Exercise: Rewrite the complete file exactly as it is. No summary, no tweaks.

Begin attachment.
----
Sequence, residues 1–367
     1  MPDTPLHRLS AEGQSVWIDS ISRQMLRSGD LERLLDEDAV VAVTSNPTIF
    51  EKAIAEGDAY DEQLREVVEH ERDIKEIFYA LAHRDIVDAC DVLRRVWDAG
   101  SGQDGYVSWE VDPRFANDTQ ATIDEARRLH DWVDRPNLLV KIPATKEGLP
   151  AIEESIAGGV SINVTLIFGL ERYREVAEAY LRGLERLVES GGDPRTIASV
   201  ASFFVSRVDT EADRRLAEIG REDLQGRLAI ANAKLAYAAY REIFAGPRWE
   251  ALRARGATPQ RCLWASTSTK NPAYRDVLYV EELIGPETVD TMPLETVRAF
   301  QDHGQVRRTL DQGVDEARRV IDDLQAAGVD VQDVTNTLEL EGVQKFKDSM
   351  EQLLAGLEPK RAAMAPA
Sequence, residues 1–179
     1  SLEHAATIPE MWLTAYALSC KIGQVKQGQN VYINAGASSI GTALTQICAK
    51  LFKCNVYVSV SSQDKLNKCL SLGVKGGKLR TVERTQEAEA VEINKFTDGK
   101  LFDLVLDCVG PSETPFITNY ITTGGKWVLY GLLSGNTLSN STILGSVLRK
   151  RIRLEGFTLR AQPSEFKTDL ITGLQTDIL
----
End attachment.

Sequence, residues 1–367
     1  MPDTPLHRLS AEGQSVWIDS ISRQMLRSGD LERLLDEDAV VAVTSNPTIF
    51  EKAIAEGDAY DEQLREVVEH ERDIKEIFYA LAHRDIVDAC DVLRRVWDAG
   101  SGQDGYVSWE VDPRFANDTQ ATIDEARRLH DWVDRPNLLV KIPATKEGLP
   151  AIEESIAGGV SINVTLIFGL ERYREVAEAY LRGLERLVES GGDPRTIASV
   201  ASFFVSRVDT EADRRLAEIG REDLQGRLAI ANAKLAYAAY REIFAGPRWE
   251  ALRARGATPQ RCLWASTSTK NPAYRDVLYV EELIGPETVD TMPLETVRAF
   301  QDHGQVRRTL DQGVDEARRV IDDLQAAGVD VQDVTNTLEL EGVQKFKDSM
   351  EQLLAGLEPK RAAMAPA
Sequence, residues 1–179
     1  SLEHAATIPE MWLTAYALSC KIGQVKQGQN VYINAGASSI GTALTQICAK
    51  LFKCNVYVSV SSQDKLNKCL SLGVKGGKLR TVERTQEAEA VEINKFTDGK
   101  LFDLVLDCVG PSETPFITNY ITTGGKWVLY GLLSGNTLSN STILGSVLRK
   151  RIRLEGFTLR AQPSEFKTDL ITGLQTDIL